Online Programmers Setting LGBT Pace

GLAAD LGBT TV Report: Cable Strong, But OTT Services Score Big
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The cable industry once again received strong grades for its LGBT-inclusive programming in the latest GLAAD “Where We Are on TV” report. Yet cable was somewhat overshadowed by its fast-rising over-the-top video competitors.

The GLAAD report, which looked at primetime programming from June 2013 to this May, said that primetime cable shows featured 64 regular lesbian, gay, bisexual and transgender characters — up from 42 last season — compared to their broadcast brethren, with 32 LGBT characters.

ABC Family, HBO and MTV earned “excellent” grades for their LGBT-inclusive programming, according to GLAAD’s Network Responsibility Index. HBO had the most LGBT characters, with a total of 15 regular or recurring roles. Most of those images came from its drama series Looking, which offered the most “out” characters of any scripted series on television. ABC Family and Showtime followed with 13 characters each.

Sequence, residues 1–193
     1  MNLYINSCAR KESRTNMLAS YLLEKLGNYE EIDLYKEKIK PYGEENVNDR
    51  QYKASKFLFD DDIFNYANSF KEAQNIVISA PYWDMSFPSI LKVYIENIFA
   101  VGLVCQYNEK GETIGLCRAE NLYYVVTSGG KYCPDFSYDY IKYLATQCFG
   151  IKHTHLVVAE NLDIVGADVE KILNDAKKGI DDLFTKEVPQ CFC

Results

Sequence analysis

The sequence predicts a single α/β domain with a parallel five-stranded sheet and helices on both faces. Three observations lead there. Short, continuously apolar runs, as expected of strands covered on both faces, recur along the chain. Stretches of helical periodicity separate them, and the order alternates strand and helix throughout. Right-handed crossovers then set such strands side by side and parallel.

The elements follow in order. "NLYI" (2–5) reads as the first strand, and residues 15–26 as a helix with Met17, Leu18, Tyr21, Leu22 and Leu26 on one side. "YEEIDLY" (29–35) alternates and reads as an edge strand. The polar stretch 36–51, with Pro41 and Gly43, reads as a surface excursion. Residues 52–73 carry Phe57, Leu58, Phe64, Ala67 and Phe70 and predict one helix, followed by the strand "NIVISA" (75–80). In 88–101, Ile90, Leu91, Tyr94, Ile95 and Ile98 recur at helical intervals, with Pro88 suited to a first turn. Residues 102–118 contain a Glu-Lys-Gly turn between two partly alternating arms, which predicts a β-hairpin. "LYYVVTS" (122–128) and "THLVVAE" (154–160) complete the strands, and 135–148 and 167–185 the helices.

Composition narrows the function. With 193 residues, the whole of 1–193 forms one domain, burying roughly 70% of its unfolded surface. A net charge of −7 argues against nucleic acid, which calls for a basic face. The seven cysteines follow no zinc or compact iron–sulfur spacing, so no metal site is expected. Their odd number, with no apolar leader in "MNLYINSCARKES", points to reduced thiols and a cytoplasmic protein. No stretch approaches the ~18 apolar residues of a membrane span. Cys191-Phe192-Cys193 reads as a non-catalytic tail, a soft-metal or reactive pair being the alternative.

Other cable series that introduced LGBT characters this summer or will do so later this year include Please Like Me (Pivot), Matador (El Rey Network), Broad City (Comedy Central), Witches of East End (Lifetime) and Hit the Floor (VH1).

GLAAD praised cable but also gave major props to its online video-streaming competitors. Netflix dramedy Orange Is the New Black contained more LGBT characters than nearly any broadcast or cable series currently on air, according to GLAAD.

Netflix’s Hemlock Grove and Lilyhammer also featured lesbian, gay and bisexual characters, and the OTT service plans a new series, Grace and Frankie, to feature two bickering wives whose husbands fall in love with one another.

Hulu original series East Los High and Amazon Prime shows Alpha House and Transparent feature several LGBT characters.

“As [television networks] move forward with new programs and storylines, networks must also keep an eye towards diversity and strive to include significant transgender content comparable to those efforts being made by their online competitors, such as Netflix’s Orange is the New Black and Amazon’s Transparent,” GLAAD president and CEO Sarah Kate Ellis said.

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